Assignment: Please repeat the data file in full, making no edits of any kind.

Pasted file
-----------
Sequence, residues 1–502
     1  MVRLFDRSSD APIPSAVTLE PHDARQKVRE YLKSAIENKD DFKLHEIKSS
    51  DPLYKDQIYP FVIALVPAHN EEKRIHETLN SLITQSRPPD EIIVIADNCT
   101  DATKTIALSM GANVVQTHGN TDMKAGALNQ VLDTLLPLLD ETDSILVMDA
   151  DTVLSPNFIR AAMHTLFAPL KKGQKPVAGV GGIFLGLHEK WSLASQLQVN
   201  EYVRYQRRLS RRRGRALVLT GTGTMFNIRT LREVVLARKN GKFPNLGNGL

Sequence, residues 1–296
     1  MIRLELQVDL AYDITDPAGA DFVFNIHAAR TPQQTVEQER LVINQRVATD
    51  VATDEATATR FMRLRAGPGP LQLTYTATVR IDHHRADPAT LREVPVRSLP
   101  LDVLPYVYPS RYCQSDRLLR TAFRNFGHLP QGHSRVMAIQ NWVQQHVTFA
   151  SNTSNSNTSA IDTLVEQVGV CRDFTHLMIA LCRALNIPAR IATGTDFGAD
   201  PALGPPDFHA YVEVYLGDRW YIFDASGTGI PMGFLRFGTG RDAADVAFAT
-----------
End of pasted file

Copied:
Sequence, residues 1–502
     1  MVRLFDRSSD APIPSAVTLE PHDARQKVRE YLKSAIENKD DFKLHEIKSS
    51  DPLYKDQIYP FVIALVPAHN EEKRIHETLN SLITQSRPPD EIIVIADNCT
   101  DATKTIALSM GANVVQTHGN TDMKAGALNQ VLDTLLPLLD ETDSILVMDA
   151  DTVLSPNFIR AAMHTLFAPL KKGQKPVAGV GGIFLGLHEK WSLASQLQVN
   201  EYVRYQRRLS RRRGRALVLT GTGTMFNIRT LREVVLARKN GKFPNLGNGL

Sequence, residues 1–296
     1  MIRLELQVDL AYDITDPAGA DFVFNIHAAR TPQQTVEQER LVINQRVATD
    51  VATDEATATR FMRLRAGPGP LQLTYTATVR IDHHRADPAT LREVPVRSLP
   101  LDVLPYVYPS RYCQSDRLLR TAFRNFGHLP QGHSRVMAIQ NWVQQHVTFA
   151  SNTSNSNTSA IDTLVEQVGV CRDFTHLMIA LCRALNIPAR IATGTDFGAD
   201  PALGPPDFHA YVEVYLGDRW YIFDASGTGI PMGFLRFGTG RDAADVAFAT